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David Winston



David Winston is an American herbalist and ethnobotanist who, since 1977 has practiced and taught herbal medicine in United States. He has over 38 years training in Cherokee, Chinese and the western/Eclectic herbal traditions. In addition, Winston is a founding/professional member of the American Herbalists Guild[1] , for which he served four terms as a Board Member and is a founding member of United Plant Savers a nonprofit which seeks to protect native medicinal plants of the United States and Canada and their native habitats. [2] He serves as an adjunct professor at the Tai Sophia Institute and is the Dean of the Center for Herbal Studies [3]

Additional recommended knowledge

Contents

Biography

As a child David Winston, RH(AHG) developed a serious relationship with plants and started experimenting with taking them and observing their effects in the late 1960s. He was leading herb walks and teaching about herbs by age 17. In 1974 he moved to New York City where he studied with Dr. Eng, a doctor of Chinese Herbal Medicine. In 1976 he began study with western herbalist William LeSassier who developed the theory of Triune formulas and he also took university courses in anatomy & physiology, pharmacognosy, cellular biology, etc. In 1977 he started his clinical practice and in 1982 he founded one of NJ's first holistic health centers, The Awareness Health Center, in Franklin Park, NJ. David has also studied herbal medicine with several Cherokee elders, as well as other indigenous people. David is a founding and professional member of the American Herbalist's Guild, the director of the David Winston's Center for Herbal Studies and the Herbal Therapeutics Research Library, the author of Saw Palmetto for Men and Women (Storey), Herbal Therapeutics (2003) and the co-author of Herb Therapy & Supplements; a scientific and traditional approach (2000, Lippencott) and Adaptogens: Herbs for Strength, Stamina and Stress Relief (Healing Arts Press, 2007) [4]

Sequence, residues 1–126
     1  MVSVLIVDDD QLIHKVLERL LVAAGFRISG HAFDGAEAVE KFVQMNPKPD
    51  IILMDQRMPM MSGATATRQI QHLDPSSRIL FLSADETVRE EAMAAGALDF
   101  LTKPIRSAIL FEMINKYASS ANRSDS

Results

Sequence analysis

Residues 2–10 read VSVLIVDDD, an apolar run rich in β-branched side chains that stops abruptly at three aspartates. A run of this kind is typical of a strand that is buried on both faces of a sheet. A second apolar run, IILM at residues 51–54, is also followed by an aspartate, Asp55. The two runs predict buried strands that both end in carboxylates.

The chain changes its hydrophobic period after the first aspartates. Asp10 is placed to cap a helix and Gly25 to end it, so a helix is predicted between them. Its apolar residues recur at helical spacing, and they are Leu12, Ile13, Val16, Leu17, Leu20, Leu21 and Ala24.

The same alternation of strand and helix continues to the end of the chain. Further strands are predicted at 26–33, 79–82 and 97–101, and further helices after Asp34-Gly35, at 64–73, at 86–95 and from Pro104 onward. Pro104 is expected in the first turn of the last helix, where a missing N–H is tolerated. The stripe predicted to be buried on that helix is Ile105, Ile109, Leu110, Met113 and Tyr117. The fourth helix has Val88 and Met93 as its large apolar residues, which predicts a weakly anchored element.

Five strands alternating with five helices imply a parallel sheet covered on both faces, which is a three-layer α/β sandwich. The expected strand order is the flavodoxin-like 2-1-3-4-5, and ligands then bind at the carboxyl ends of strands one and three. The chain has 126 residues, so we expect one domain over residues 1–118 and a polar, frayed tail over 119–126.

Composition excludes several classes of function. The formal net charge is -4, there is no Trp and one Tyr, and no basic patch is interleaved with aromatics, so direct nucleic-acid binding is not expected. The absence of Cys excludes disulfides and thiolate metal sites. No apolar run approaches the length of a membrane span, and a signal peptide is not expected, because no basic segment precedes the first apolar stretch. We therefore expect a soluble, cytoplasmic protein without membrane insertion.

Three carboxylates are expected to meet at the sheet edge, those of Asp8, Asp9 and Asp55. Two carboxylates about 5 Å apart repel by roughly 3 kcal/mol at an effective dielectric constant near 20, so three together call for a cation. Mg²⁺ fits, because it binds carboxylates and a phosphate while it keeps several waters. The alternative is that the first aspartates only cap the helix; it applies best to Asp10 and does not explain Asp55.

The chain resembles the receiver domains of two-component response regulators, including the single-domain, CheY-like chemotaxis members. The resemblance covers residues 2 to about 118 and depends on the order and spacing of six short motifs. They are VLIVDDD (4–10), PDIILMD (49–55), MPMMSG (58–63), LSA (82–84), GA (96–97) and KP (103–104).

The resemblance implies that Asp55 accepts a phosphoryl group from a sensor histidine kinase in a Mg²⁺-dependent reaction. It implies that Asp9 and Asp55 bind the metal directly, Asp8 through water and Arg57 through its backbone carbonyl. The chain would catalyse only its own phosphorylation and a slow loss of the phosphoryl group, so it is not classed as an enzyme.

Herbal Therapeutics Research Library

David Winston has one of the largest private libraries of botanical medicine in the United States with extensive holdings with over 8,000 books and over 12,000 articles on file, including Eclectic and Thomsonian Medicine, physiomedicalism, the history of medicine, ethnobotany, pharmacy, pharmocognosy, poisonous plants, mycology, botany and economic botany. The HTRL also has substantial holdings in Southeastern native ethnology, Southeastern material culture and ethnomusicology. He also has the only antiquarian book company Herbalist and Alchemist Books that deals exclusively with antiquarian herbal and medical books. [5]

Herbal Manufacturing

Winston founded Herbalist and Alchemist, an herbal tincture firm known for spagyric alchemical processing of herbs. Unlike most commercially available herbal tinctures, the alchemically processed herbs have mineral constituents reduced to ash from the marc added back after filtration. Herbalist and Alchemist does not standardize their herbal products as Winston point out that standardization has not been standardized yet. Different companies use different markers, or different levels of the same markers, or different methods of testing for marker compounds. He also points out that whenever different compounds are chosen as "active ingredients" for different herbs, there is a chance that suppliers will get a substandard batch (low on the chemical markers) and mix it with a batch higher in the desired marker to compensate for the difference.[6]